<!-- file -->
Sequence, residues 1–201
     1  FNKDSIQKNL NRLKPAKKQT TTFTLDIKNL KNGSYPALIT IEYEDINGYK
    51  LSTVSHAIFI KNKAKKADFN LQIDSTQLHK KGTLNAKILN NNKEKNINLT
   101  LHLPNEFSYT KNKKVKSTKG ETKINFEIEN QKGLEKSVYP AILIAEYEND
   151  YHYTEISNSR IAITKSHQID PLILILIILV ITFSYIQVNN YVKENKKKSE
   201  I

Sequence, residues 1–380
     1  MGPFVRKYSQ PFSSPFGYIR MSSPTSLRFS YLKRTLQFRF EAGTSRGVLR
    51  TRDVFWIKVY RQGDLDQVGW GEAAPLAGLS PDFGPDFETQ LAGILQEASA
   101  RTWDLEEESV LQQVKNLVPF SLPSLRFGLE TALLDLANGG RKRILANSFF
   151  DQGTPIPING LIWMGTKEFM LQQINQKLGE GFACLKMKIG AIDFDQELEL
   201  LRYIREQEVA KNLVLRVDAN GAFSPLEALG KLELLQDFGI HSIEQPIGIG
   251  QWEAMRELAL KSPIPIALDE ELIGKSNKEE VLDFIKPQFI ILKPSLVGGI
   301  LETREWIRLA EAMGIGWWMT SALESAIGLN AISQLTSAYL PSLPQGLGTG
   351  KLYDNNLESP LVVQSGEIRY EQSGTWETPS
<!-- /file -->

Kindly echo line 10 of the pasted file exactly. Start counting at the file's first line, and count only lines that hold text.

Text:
   101  RTWDLEEESV LQQVKNLVPF SLPSLRFGLE TALLDLANGG RKRILANSFF